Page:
Did the adoption of the JDAP cause the slowing of submissions growth? This is impossible to test without submissions data from similar journals that did not bring in a data policy. However, we can identify another potential cause: the rapid growth of ecology and evolution articles published in first PLOS ONE (to 2014) and then Scientific Reports (2014 onwards).

Together, these journals put out 18,541 evolutionary biology and ecology articles between the start of 2011 and the end of 2015. Although many of these were probably reviewed and rejected by at least one of the 12 JDAP journals (and are thus included in the submissions data above), a significant fraction were likely sent directly to PLOS ONE or Scientific Reports instead.

More broadly, journal submissions are affected by a wide range of factors that are not considered here – Impact Factors being the main one – and we just don’t have the data at hand for a comprehensive analysis. However, we can be confident that adopting a strict data sharing policy had no consistently negative effect, and that journals that were growing continued to grow once the policy came in. The longstanding fear that journal data policies hurt submissions should now be laid to rest.

 

*I’d like to thank Arianne Albert, Chuck Fox, Mohamed Noor, Wolf Blanckenhorn, Trish Morse, Dan Bolnick, Anjanette Baker, and Emilio Bruna for help with putting this post together.

Tim Vines

Tim Vines

Tim Vines is a consultant with Origin Editorial, where he advises journals and publishers on peer review. Prior to that he founded Axios Review, an independent peer review company that helped authors find journals that wanted their paper. He was the Managing Editor for the journal Molecular Ecology for eight years, where he led their adoption of data sharing and numerous other initiatives. He has also published research papers on peer review, data sharing, and reproducibility (including one that was covered by Vanity Fair). He has a PhD in evolutionary ecology from the University of Edinburgh and now lives in Vancouver, Canada.

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Discussion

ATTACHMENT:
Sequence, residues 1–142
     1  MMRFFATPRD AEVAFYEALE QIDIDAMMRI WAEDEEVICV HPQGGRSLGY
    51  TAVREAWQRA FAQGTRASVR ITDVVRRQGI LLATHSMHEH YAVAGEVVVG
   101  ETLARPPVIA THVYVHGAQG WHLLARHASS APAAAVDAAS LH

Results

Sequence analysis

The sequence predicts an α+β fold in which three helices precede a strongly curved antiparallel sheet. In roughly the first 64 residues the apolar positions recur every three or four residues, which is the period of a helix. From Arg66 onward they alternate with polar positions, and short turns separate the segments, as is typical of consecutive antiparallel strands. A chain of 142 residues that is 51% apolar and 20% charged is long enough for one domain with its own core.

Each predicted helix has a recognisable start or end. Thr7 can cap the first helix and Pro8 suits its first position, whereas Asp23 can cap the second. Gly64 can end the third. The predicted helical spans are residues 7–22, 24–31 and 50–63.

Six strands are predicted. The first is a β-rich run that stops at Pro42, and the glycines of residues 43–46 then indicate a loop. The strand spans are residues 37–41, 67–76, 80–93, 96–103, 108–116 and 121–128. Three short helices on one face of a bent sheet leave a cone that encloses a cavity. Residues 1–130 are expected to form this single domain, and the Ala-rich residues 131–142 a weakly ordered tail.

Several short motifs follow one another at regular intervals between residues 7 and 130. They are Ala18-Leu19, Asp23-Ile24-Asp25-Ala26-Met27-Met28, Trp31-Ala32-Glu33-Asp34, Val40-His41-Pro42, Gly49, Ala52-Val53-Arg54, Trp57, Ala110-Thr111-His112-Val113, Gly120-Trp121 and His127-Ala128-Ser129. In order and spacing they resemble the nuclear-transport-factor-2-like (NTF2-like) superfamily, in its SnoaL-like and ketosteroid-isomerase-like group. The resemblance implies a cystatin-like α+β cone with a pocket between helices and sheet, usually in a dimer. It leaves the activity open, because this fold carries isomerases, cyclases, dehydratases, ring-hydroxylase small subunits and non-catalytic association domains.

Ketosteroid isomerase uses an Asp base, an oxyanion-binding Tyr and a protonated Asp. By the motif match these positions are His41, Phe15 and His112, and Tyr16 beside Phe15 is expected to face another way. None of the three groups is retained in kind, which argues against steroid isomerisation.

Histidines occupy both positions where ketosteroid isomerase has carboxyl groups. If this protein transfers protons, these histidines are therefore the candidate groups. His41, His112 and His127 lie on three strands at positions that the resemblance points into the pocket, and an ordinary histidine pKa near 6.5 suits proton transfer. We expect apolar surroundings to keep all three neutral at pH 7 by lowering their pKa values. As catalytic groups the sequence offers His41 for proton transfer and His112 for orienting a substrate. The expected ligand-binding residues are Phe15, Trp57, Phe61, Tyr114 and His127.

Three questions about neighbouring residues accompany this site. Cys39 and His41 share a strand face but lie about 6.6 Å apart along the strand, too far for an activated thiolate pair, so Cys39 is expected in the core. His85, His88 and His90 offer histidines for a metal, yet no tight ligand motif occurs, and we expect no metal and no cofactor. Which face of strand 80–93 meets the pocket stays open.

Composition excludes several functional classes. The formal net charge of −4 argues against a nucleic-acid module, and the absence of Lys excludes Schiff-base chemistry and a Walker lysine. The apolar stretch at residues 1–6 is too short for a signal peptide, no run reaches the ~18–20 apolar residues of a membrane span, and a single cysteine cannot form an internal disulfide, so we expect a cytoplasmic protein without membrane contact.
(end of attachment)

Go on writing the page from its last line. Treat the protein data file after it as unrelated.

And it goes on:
9 Thoughts on "Does Adopting a Strict Data Sharing Policy Affect Submissions?"

Tim, thanks for bringing data and analysis to the table for discussion. There are a lot of factors that influence submission–data archiving policy is just one of them. While you illustrate that 8 of 12 journals that adopted the JDAP policy increased submissions in year 1, there is no control group of journals to compare these changes. Submission rates have been increasing for many journals–the result of new papers from China, India, South Korea and other countries investing heavily in R&D. Before we give credit (or blame) to data archiving policies, ruling out other exogenous effects is required. A control set of journals that did not adopt data archiving policies would help put your trends in context. Alternatively, exploring the effect of different strength policies–from weak voluntary sharing policies to strict archiving policies–would help determine if, and how much, data policies matter to submitting authors.

Hi Phil – thanks for these comments. This is one of those cases where one can either collect a small and relatively controlled dataset (where everyone is bringing in a very similar policy) or a large messy datasets with a lot of confounding variables.

These are more-or-less all the JDAP journals, and since the goal was to bring the policy in at all the major journals simultaneously there’s no natural comparator journals in evolution. There’s probably 4-5 in ecology we could use, but given the variability between journals we’d ideally have 15+.

Perhaps with a research grant and cooperation from a number of publishers we could collect a more definitive dataset. I do, however, stand by my conclusion that there’s no indication from these data that bringing in the JDAP had a strong effect on submissions.